With all of these ideas and images in the mix, Proyas needs only a serviceable story to play in this sprawling environment and serviceable is what he gets. The plot here is hardly worth attending to, basically borrowing from countless Hero’s Journey arcs to wrap a Thief of Bagdad riff around Egyptian iconography. Our hero is Bek (Brenton Thwaites), an amiable loser who’s first poor and then a slave.
It’s probably a rough life, but little time is wasted on the lowliness of Bek’s existence. He pushes a couple stones for evil King Set (a comically vile Gerard Butler), then quickly slips away to romance girlfriend Zaya (Courtney Eaton), who works for a snivelling suck-up of an architect (Proyas favourite Rufus Sewell). But when that aforementioned badly green-screened chariot escape goes awry (in the story as well as the effects department), Bek finds himself on a journey to save a possibly doomed Zaya.
Bek’s mission teams him with disgraced god Horus (Nikolaj Coster-Waldau), who has quite the bone to pick with his uncool uncle Set. Together, the two guys endure several trials that wisely lean on the visuals to gain any lasting impact at all. Their adventure becomes an episodic one that’s quite piecemeal in terms of plotted events, but the real point here is to allow Proyas and cinematographer Peter Menzies, Jr. to soak up the wonders of this strange world.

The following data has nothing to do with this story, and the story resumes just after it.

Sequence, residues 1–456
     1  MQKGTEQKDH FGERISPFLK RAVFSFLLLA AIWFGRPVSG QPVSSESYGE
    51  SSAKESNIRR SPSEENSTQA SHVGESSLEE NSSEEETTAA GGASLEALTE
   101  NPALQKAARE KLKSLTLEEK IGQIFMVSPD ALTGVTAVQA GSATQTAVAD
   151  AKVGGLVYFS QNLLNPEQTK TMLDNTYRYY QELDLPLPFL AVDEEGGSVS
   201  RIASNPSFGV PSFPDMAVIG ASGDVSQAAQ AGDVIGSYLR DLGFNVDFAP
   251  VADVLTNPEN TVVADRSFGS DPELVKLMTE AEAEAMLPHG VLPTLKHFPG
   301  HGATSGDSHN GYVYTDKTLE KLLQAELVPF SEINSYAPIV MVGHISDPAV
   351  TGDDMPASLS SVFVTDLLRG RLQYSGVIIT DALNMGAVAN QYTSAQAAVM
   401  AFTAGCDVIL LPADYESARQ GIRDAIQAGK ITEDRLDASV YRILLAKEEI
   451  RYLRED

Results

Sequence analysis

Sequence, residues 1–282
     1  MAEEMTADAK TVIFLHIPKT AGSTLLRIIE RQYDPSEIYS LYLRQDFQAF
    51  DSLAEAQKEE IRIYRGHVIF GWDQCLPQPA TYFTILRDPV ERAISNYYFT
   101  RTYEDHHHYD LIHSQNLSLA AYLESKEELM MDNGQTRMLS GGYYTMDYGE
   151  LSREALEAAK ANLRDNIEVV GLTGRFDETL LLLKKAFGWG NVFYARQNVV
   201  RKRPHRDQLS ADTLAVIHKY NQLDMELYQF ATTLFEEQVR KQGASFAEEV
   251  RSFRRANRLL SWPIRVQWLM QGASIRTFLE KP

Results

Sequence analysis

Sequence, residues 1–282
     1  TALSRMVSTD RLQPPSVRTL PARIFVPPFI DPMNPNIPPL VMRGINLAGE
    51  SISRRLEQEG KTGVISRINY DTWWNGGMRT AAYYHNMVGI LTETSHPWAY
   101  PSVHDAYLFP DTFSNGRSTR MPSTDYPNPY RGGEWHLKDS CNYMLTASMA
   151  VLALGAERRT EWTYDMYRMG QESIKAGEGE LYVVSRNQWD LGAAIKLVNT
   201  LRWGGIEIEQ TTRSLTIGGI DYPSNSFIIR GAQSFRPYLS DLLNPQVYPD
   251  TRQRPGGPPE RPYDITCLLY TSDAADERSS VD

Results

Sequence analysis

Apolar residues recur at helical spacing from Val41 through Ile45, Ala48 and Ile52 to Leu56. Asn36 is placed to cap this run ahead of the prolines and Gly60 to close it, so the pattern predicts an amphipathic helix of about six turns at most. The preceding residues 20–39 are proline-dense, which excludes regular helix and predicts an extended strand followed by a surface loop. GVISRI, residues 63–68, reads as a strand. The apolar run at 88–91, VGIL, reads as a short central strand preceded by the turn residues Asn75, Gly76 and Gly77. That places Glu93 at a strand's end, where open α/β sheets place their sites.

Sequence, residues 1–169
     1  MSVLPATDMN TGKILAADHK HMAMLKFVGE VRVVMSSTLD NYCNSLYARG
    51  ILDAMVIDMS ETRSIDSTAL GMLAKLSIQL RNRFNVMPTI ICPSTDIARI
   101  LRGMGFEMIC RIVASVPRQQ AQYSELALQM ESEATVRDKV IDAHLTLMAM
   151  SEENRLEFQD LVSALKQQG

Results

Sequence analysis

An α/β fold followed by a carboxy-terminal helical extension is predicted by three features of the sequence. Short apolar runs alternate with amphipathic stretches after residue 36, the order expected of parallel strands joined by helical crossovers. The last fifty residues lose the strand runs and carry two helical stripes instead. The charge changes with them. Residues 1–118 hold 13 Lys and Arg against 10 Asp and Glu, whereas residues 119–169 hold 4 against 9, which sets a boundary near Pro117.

There are towering waterfalls, frightening henchwomen riding on the backs of gargantuan serpents, an enchanted pyramid with ever-rotating stones, and even a grim glimpse of the underworld. The story always feels secondary to the sheer gleeful display of these incredible locales, which might as well be for the best in what often feels like an ambitious throwback to Ray Harryhausen’s triumphant run of Sinbad adventure movies. The visuals were paramount there and the same situation certainly applies to Proyas’ movie.